Dynamic Secrets

What Are Dynamic Secrets?

Dynamic secrets involve generating a new password on the fly every time you wish to login. This temporary password expires quickly, requiring you to generate a new code if you want to login at a later time.

Dynamic secrets are also known as “just-in-time” (JIT) codes, a moniker that comes from the manufacturing industry when plant managers found ways to reduce industrial waste by ordering only the materials they needed when they needed them.

The just in time access philosophy has practical applications in business-grade security, as dynamic secrets give you only a window of access when you need it. The result is a significantly lower chance of access leaking into non-authorized users.

Why Use Dynamic Secrets?

Almost everyone is familiar with password management nowadays. From Facebook to YouTube, we use a variety of online accounts and authentication methods to keep ourselves secure on the Internet.

Businesses are no different. They use third-party services, cloud applications, and internal servers constantly, and each one requires some kind of password to ensure that only authorized parties have access to sensitive company resources.

Business-grade authentication credentials are known as “secrets,” and secrets management is a very important part of DevOps and IT teams everywhere.

What Are Secrets?

Secrets are the “passwords” organizations use to authenticate users and applications wanting access to sensitive company services or apps. You will need a secret whenever you use a database, a third-party service, or a cloud application.

Those “passwords” can include anything from usernames and passwords to API tokens and TLS certificates. Business-grade security includes many types of complex authentication methods, making secret management an essential responsibility.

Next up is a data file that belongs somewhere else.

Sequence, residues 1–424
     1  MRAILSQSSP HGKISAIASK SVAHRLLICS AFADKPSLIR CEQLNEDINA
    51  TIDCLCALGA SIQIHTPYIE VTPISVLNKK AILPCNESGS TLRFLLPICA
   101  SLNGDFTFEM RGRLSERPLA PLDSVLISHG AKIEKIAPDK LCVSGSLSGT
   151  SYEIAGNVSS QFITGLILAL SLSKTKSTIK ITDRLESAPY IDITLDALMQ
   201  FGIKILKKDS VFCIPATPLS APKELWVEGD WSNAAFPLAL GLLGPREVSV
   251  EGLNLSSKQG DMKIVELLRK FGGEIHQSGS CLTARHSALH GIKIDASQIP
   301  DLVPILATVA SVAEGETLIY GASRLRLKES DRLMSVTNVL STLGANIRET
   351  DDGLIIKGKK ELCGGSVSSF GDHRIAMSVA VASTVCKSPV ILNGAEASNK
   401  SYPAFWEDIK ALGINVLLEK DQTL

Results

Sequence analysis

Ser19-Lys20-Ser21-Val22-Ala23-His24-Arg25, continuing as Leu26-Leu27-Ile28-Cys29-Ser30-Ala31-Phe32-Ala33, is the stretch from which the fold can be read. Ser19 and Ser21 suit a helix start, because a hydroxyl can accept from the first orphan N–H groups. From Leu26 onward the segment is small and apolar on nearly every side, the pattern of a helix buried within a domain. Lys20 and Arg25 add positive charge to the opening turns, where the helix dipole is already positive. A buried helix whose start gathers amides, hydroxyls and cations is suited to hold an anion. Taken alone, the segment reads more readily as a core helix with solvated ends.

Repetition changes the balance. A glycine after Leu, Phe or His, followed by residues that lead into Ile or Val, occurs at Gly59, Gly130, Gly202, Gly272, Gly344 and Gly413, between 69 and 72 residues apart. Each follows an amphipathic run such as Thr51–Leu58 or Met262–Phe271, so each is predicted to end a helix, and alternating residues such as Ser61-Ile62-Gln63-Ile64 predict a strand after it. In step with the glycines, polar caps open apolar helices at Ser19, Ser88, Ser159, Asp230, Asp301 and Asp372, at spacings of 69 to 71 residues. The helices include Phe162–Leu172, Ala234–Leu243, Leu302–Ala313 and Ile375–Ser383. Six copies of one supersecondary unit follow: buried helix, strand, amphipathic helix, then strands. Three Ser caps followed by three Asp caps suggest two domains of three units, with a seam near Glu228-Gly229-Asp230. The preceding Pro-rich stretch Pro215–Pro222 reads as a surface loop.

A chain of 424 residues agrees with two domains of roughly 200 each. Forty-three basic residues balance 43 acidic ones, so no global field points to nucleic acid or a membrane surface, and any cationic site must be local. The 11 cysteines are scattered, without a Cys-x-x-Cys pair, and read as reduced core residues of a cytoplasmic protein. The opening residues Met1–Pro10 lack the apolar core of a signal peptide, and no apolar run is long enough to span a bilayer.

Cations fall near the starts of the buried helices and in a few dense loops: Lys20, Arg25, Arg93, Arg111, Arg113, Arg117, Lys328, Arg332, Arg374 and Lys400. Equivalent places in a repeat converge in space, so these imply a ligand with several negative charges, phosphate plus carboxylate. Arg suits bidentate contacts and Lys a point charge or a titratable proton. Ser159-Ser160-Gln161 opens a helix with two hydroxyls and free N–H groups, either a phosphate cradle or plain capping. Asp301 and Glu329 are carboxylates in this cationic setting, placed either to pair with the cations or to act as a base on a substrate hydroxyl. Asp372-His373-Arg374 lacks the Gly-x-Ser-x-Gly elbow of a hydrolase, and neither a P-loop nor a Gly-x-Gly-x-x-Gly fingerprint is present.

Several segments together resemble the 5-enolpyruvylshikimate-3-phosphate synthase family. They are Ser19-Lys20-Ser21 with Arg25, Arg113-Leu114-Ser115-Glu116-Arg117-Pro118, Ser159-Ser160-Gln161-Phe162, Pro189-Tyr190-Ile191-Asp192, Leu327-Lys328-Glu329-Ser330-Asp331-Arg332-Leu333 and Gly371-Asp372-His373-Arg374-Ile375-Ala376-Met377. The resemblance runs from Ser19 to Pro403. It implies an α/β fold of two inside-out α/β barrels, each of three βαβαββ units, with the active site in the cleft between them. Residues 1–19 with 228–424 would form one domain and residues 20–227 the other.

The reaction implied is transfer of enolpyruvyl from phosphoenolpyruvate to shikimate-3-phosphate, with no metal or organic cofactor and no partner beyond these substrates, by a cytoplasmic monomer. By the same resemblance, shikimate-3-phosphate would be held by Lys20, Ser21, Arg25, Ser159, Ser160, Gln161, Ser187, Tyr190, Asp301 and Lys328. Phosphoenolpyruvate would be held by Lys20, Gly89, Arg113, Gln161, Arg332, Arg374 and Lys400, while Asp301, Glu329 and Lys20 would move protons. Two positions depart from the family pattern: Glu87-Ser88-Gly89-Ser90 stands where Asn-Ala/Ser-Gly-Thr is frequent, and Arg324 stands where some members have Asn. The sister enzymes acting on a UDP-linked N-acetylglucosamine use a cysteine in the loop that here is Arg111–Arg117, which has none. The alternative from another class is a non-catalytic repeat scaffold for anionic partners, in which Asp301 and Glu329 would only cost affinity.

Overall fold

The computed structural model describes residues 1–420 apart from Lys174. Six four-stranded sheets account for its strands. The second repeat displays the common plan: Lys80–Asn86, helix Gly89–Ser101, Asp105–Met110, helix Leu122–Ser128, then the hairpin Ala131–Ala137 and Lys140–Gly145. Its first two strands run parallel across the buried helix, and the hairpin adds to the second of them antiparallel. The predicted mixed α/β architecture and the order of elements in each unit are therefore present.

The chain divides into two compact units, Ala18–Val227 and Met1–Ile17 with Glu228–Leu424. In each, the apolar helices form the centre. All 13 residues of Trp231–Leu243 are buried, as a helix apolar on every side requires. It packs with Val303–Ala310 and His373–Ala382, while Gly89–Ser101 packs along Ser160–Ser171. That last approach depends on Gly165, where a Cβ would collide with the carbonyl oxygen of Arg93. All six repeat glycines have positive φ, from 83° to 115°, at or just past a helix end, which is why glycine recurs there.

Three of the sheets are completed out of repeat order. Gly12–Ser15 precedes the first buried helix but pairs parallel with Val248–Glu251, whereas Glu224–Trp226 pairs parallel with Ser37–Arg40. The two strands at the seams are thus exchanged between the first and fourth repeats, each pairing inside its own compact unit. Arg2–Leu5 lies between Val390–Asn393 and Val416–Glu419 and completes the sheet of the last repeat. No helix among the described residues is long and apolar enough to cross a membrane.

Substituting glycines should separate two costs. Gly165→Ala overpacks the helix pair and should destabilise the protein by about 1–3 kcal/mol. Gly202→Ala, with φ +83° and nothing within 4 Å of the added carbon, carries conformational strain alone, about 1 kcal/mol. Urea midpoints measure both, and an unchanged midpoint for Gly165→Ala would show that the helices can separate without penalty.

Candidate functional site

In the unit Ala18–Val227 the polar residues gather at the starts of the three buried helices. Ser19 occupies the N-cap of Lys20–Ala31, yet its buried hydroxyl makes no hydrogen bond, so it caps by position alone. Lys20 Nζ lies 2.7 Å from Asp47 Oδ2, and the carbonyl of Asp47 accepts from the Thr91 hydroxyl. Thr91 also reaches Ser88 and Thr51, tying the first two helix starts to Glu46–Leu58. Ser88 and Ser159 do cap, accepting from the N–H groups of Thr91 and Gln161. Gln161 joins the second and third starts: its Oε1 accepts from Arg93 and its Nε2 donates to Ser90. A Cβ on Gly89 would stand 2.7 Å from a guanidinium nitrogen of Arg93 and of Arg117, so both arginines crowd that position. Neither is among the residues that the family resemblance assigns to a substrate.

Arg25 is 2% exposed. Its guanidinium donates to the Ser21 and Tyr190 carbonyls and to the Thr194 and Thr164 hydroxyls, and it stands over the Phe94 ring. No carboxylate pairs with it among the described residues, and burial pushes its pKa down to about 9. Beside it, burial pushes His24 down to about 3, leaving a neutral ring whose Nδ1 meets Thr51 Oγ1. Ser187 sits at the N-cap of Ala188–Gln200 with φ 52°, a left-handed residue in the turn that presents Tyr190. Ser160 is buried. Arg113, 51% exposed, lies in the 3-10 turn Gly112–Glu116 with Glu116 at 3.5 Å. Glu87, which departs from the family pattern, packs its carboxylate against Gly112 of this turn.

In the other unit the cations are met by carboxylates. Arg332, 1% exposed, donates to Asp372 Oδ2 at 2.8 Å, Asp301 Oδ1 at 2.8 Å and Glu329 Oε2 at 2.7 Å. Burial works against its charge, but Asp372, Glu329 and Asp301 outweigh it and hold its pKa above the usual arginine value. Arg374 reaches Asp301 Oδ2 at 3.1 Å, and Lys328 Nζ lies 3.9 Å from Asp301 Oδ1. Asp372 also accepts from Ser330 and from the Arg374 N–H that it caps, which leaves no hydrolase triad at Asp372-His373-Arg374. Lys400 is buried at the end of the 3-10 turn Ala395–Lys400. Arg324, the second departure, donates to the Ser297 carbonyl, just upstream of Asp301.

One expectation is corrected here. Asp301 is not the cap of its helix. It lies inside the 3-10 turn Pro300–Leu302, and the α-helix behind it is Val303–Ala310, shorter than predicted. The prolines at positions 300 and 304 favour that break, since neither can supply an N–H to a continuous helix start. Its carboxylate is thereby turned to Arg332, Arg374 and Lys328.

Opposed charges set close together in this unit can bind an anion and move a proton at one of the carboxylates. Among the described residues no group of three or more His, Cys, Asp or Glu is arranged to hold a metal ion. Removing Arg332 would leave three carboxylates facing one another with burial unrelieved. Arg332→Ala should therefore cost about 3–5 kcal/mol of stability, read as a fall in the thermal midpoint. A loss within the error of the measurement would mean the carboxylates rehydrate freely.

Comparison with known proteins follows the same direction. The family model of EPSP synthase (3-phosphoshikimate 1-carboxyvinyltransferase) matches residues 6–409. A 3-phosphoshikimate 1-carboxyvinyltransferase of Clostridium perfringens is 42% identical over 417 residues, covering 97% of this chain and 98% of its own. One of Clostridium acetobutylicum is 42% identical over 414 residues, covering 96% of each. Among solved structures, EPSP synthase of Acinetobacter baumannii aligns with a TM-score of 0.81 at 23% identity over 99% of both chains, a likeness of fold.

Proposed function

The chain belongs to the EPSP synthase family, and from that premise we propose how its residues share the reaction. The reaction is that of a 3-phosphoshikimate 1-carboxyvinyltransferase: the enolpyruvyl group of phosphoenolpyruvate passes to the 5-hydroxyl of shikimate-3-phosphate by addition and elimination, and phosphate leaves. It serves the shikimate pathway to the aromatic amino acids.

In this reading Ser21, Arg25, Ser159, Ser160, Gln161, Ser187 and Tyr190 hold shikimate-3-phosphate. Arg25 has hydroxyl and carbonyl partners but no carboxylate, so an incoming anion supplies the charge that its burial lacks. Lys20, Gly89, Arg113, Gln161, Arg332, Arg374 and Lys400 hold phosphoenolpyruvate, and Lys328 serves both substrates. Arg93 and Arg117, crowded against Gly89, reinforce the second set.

The Issue of “Standing Access”

A major security flaw for many companies is having a few accounts that have permanent administrator privileges even if they don’t need them. Many business owners keep accounts like this in case they need it for something in the future.

However, standing accounts increases the threat of data exposure, and it becomes more difficult to manage privileged access with so many accounts, some of which may belong to machines rather than human users.

Standing access is an issue specific to static secrets. The solution here is a different type of secret: the dynamic secret.

The Vault of Just-in-Time Secrets

What do you use to generate dynamic secrets? You don’t want these codes scattered everywhere, so companies use a centralized location known as a dynamic secrets vault.

This vault plays an important role in dynamic secrets management, providing encryption, access control, and comprehensive audit logging. DevOps teams have insight into whoever has permissions and whether access should be revoked.

When a user requests a login, the vault and the service to be accessed communicate and generate a common password that expires quickly. Think about it like the 2-factor authentication you use for some of your online accounts.

Both human users, like developers, and machines, like automation tools and containers, use secret vaults. Those users can be from inside the company or sourced externally whenever you use third-party vendors. Working with secrets management vaults helps DevOps teams handle all these tools easily and efficiently.

Why Are Dynamic Secrets Necessary?

We’ve been using regular passwords all the time, so why do businesses add complexity to the process with dynamic credentials and vaults?

It turns out that most applications and third-party services don’t handle vital secrets well. A static secret usually ends up being stored on the application itself. The more applications your business uses, the less secure that code becomes.

As more users must access these apps, a static secret gets passed around the company often, raising the chance of a data leak causing catastrophic consequences for your DevSecOps department.

With dynamic secrets, even if a credential is stolen, it will be out of date by the time a cybercriminal attempts to use it.

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